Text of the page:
Over 15,000 cases reported in Sindh so far
Karachi’s Central district has reported the highest number of HIV positive cases in Sindh so far, officials of the Communicable Diseases Control confirmed Monday
According to the deputy director of the Directorate General Health Service, Dr Irshad Kazmi, 2,725 cases were reported in the Central district alone. The second-highest number of cases was recorded in Larkana followed by Hyderabad.
Till August 2021, 15,952 people in Sindh tested positive for HIV, of which 2,522 were women, 1,971 children, and 454 transgender persons.
“One of the major reasons behind the increasing number of HIV transmissions are quacks who are involved in the usage of unsafe injections and contaminated medical equipment,” Dr Kazmi said at a recent workshop in Karachi on the role of media in strengthening HIV response.
“The Sindh Healthcare Commission has been taking action against these people and their unsafe practices.”
Sindh has reported 15,952 positive HIV cases this year
In 2019, the HIV outbreak in children was unearthed in Larkana’s Ratodero town. The news shook Pakistan and made international headlines.
“Treatment of these patients is underway at 16 Antiretroviral Therapy centers run by the Sindh Health Department,” the deputy director told SAMAA Digital. “We intend to initiate the ‘Know Your Status’ campaign to raise awareness among people to get tested.”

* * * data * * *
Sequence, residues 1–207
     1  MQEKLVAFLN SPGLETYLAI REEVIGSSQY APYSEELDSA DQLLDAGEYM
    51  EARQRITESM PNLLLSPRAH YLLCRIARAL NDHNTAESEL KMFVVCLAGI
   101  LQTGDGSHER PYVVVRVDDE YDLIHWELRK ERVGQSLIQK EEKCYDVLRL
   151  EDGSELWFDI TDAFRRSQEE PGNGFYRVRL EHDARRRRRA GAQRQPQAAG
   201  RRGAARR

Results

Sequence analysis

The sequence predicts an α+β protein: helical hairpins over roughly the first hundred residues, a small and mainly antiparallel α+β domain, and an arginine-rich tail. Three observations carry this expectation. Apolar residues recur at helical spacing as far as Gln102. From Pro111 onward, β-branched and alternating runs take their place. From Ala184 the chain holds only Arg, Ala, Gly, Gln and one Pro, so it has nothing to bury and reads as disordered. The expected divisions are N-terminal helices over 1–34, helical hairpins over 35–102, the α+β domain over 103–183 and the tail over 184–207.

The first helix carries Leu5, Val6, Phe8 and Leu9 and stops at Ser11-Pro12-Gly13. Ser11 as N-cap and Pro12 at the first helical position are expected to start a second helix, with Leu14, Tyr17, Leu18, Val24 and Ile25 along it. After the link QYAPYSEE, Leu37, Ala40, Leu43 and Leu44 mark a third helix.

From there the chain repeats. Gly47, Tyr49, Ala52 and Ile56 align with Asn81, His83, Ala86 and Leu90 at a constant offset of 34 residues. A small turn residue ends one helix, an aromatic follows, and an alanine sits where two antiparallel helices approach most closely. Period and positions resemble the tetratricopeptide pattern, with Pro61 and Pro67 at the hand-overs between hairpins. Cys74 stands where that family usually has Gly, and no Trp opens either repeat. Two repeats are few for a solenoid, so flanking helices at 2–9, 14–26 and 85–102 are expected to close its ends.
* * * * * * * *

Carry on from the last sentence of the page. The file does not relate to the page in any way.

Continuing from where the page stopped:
HIV is an incredibly complex virus which mutates rapidly and often, Dr Rajwal Khan, the UNAIDS strategic information adviser, said earlier this year.
No. Human Immunodeficiency Virus (HIV), is not the same as Acquired Immune Deficiency Syndrome (AIDS).
HIV is a virus that can cause infection. AIDS is a syndrome of multiple conditions that can sometimes (not always) develop due to HIV infection. HIV infection is treatable, AIDS is not.
No, treatment for HIV is lifelong. It involves taking medicines called antiretroviral drugs that keep the HIV virus load low in the body. As long as the virus is suppressed in the body, the person can lead a normal, healthy life.
No, touching, shaking hands, hugging or even eating with someone who has HIV will not give you HIV. HIV does not spread through mosquitoes or any other animal. HIV can be transmitted by unprotected sex, injecting drugs, reuse of medical needles and syringes, blood transfusion, organ transplants.